Now that you have become an educated individual thanks to the letter “M”, please read the following reports:
There are four kinds of employees that I have had the fate of encountering…
- The Captain Without a Ship: Charismatic, gregarious, and competent, the Captain was an easy hire. The interview was textbook perfect, if not more so by the magnetic appeal that is so innate it causes an amicable jealousy that is only soothed by immediate hire. Naturally well adjusted to the office, the Captain rises through the ranks in expectation of complete company domination. Fortunately for the sailor, he is met with no opposition from any member; his magisterial status has been earned justly and openly. Blinded by the knight’s shining armor, the company unquestionably has left full charge to the capable male only to abandoned during merger or sunken ship.
- “Its not you, its me”: The applicant has completed all phases of the hiring process and has satisfactorily entered the company where he was accepted graciously and trustingly. To the date, all tasks have been completed in a timely manner according to company policy via approved protocol. It is on pay day, however, after a week of light lemon grind and training, that the particular requests a quick contest with the superior. Ah, it seems that after just a a few short days the seemingly dedicated man has concluded that the position for which he was hired is not a fit in his life, at this moment, or in the future. The path the company paves does not suit his life expectations, but he does wish to resign under friendly circumstances should anything change.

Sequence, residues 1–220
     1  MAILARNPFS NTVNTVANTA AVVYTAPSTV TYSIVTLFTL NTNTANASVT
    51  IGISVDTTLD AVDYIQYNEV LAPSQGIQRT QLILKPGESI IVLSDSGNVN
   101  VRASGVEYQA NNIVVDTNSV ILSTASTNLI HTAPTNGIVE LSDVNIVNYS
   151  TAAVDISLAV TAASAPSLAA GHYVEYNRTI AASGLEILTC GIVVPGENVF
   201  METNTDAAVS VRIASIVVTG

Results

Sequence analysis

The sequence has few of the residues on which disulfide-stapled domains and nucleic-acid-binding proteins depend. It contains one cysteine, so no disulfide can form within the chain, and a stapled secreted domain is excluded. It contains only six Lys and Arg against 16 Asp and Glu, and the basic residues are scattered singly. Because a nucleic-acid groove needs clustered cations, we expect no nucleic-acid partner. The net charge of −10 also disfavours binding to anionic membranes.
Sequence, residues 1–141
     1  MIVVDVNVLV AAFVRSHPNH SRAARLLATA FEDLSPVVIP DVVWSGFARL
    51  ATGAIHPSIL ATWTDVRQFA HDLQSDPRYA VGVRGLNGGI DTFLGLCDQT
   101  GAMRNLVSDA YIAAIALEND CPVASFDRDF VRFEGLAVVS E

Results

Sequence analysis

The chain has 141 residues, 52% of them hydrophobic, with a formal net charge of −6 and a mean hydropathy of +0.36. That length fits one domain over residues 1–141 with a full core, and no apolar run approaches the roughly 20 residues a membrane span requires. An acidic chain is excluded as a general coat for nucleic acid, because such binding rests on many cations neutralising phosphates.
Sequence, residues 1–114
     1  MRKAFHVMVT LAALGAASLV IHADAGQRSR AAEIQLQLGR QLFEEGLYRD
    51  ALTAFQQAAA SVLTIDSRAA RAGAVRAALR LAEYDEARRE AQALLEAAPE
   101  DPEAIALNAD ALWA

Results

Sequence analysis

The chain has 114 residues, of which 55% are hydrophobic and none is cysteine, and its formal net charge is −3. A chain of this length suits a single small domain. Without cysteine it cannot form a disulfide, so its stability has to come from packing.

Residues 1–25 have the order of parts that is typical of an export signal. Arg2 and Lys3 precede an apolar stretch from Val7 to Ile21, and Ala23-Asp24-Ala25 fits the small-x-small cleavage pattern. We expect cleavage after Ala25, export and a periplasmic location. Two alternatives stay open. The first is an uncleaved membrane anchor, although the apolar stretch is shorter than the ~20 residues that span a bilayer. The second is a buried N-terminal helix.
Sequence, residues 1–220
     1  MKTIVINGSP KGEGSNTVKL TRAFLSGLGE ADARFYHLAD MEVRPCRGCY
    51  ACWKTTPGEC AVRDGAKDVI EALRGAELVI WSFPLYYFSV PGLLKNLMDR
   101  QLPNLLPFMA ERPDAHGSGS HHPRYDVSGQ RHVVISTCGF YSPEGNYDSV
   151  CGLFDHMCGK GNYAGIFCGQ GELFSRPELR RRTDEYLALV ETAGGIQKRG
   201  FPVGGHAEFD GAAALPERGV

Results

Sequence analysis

- Stonewall Jackson: He is a passing wind, barely even a candidate for description, the aspirant has submitted his impressive resume to Human Resources. International travel, international residency, education, and athletics are among the few features that resound with what reads as a manuscript of his life. To add further to his fortune, he has applied directly with an influential member of the company and bypasses the general formalities of the process. Unfortunately, once the company reaches out to concrete the hire, the applicant disappears. As if confronted by a stonewall, the company is halted and dumbfounded by the discourteous rejection and disenchanted by the dodgy and discomposed cowardice demonstrated.
- The Little Engine That Could: Unlike the other members of this list, The Little Engine That Could is not a cautionary tale; it is one of ideals and rather warning to the company on judgement and censorship. He comes into work early every morning but does not clock in until it is 9 am and he stays late, “I can get a head start on work today”, he says optimistically. He finishes everything on time and even comes into work on his days off it is requested of him. During the application process he breezed in with a nonchalant charm that seemed genuine and real; it was a hassle free transaction and a refreshing addition. Somehow his resume was not an issue, the fact that it may have been improperly formatted or that his stationary was downright bromidic was overshadowed by the inextinguishable enthusiasm that persists. So it is inexplicable how through all of this recognition, the company dances with suspicion and reluctance. What more can he do? A sophisticated company identifies like the legal system characterized by branches of order, checks and balances; no castigation has been merited and while that in itself would be extreme behavior it is his curious comportment which rattles even the most accepting company culture.
To Do: Metaphrase appropriately.